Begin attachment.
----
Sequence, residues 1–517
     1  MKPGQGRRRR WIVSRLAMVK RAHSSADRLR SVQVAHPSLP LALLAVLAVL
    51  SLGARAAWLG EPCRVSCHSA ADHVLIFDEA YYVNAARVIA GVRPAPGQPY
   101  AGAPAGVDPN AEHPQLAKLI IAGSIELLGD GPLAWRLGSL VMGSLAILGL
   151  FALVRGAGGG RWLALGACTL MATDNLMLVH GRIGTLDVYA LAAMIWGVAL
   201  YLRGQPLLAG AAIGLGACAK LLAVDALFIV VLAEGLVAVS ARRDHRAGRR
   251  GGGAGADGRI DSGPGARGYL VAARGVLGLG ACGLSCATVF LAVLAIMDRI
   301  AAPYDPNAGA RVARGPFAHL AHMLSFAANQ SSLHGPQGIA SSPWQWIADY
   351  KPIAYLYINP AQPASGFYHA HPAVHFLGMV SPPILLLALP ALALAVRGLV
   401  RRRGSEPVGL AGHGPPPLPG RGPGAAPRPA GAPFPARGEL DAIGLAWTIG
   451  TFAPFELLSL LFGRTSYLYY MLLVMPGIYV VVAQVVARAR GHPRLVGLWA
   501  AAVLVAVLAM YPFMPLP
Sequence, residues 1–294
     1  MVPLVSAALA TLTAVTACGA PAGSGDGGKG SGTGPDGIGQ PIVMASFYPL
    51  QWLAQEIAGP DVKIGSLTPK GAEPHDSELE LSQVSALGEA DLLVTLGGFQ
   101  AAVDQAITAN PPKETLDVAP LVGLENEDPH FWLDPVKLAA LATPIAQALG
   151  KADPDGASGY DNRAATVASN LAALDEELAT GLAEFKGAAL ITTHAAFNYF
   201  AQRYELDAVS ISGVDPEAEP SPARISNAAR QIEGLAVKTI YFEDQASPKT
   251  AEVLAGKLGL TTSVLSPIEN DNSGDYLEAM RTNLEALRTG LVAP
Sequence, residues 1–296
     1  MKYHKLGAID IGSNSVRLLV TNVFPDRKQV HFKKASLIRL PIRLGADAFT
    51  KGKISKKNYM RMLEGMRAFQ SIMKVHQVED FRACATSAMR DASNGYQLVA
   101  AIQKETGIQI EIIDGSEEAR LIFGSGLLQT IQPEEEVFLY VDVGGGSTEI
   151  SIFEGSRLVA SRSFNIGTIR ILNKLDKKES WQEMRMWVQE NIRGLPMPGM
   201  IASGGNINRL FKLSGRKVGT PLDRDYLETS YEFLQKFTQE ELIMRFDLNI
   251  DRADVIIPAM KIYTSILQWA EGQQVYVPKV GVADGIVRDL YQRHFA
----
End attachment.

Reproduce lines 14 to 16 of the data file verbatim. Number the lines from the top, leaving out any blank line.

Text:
     1  MVPLVSAALA TLTAVTACGA PAGSGDGGKG SGTGPDGIGQ PIVMASFYPL
    51  QWLAQEIAGP DVKIGSLTPK GAEPHDSELE LSQVSALGEA DLLVTLGGFQ
   101  AAVDQAITAN PPKETLDVAP LVGLENEDPH FWLDPVKLAA LATPIAQALG